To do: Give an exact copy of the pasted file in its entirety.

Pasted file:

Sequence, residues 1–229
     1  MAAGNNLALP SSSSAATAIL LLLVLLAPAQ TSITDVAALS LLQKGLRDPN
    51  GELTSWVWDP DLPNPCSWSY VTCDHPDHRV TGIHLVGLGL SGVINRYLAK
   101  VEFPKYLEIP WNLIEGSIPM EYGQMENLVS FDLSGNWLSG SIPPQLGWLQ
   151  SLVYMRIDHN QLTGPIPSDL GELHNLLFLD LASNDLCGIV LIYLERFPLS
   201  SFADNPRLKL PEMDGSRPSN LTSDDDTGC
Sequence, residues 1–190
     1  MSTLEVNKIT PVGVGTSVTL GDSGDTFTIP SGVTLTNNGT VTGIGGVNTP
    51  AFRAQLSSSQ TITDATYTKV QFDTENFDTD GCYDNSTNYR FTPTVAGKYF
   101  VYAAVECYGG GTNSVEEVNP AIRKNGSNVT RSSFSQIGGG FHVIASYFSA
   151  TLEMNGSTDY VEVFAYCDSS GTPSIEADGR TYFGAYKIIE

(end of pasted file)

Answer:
Sequence, residues 1–229
     1  MAAGNNLALP SSSSAATAIL LLLVLLAPAQ TSITDVAALS LLQKGLRDPN
    51  GELTSWVWDP DLPNPCSWSY VTCDHPDHRV TGIHLVGLGL SGVINRYLAK
   101  VEFPKYLEIP WNLIEGSIPM EYGQMENLVS FDLSGNWLSG SIPPQLGWLQ
   151  SLVYMRIDHN QLTGPIPSDL GELHNLLFLD LASNDLCGIV LIYLERFPLS
   201  SFADNPRLKL PEMDGSRPSN LTSDDDTGC
Sequence, residues 1–190
     1  MSTLEVNKIT PVGVGTSVTL GDSGDTFTIP SGVTLTNNGT VTGIGGVNTP
    51  AFRAQLSSSQ TITDATYTKV QFDTENFDTD GCYDNSTNYR FTPTVAGKYF
   101  VYAAVECYGG GTNSVEEVNP AIRKNGSNVT RSSFSQIGGG FHVIASYFSA
   151  TLEMNGSTDY VEVFAYCDSS GTPSIEADGR TYFGAYKIIE